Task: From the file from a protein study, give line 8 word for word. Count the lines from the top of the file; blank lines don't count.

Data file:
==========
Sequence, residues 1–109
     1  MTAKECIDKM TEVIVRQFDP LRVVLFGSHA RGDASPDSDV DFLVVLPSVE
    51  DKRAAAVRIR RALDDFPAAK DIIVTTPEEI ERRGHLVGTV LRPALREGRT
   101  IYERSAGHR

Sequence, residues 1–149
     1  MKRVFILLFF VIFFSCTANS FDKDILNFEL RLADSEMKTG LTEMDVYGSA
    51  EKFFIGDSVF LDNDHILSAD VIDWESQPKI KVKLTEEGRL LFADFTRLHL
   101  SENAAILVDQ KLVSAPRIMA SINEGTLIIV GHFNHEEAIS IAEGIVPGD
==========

   101  SENAAILVDQ KLVSAPRIMA SINEGTLIIV GHFNHEEAIS IAEGIVPGD